Katherine Howe’s Conversion


Conversion

Title: Conversion
Author: Katherine Howe
ISBN: 978-0399167775
Length: 432 Pages
Publication Date: July 1, 2014
Publisher: Putnam Juvenile
Genre: Historical Fiction, General Fiction
Source: Harris County Public Library

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Reasons for Reading: I often recommend Katherine Howe’s The Physick Book of Deliverance Dane to readers seeking a good book to read. Of course, when Howe’s Conversion arrived in the order department at Harris County Public Library, I placed a request on it.

Summary : Howe offers us two points of view. The first belongs to Colleen Rowley is a stressed out high senior attending the prestigious St. Joan’s Academy in the year 2012. Various classmates of Colleen’s succumb to odd behavior – tics, panic, hysteria, etc. On top of that, a popular teacher mysteriously departs. All of this just happens to take place in Danvers, Massachusetts. The other point of view comes from a recalcitrant, grown up Ann Putnam. In 1706, Ann builds up the courage to publicly confess to her part in the witch hunt known as the infamous Salem Witch Trials.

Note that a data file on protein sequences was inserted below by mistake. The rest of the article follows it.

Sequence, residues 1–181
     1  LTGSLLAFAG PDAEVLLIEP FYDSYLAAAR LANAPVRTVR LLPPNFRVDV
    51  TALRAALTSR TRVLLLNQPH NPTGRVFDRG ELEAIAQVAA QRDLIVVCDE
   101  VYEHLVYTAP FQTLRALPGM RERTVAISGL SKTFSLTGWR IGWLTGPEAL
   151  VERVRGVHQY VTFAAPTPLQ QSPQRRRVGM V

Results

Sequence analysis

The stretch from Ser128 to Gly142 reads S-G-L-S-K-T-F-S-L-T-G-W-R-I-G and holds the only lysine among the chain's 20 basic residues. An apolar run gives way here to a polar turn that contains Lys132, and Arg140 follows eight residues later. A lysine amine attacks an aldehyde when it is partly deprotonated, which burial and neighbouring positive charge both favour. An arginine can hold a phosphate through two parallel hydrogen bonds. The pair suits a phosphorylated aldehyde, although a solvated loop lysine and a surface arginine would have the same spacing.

One Thing I Learned from this book: I rediscovered that Danvers used to be Salem Village.

What I Liked: I liked the Easter eggs referring to one of my favorite books – The Physick Book of Deliverance Dane. Also, I felt Colleen and her friends were genuine, well-conceived characters.

What I Disliked: I wanted a few of the loose ends to be tied. Maybe there will be a sequel?

RR - Yellow  Rainbow Rating: Yellow – Parental Guidance for Kids Under 13

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Katherine Howe’s The House of Velvet and Glass


Jorie’s Store – Katherine Howe’s The House of Velvet and Glass

 
Title and Author(s):  Katherine Howe’s The House of Velvet and Glass
Release Date:
 Apr 06, 2012
Publisher: Thorndike Press; Lrg edition

ISBN: 978-1410448743
Pages: 695
Source: Harris County Public Library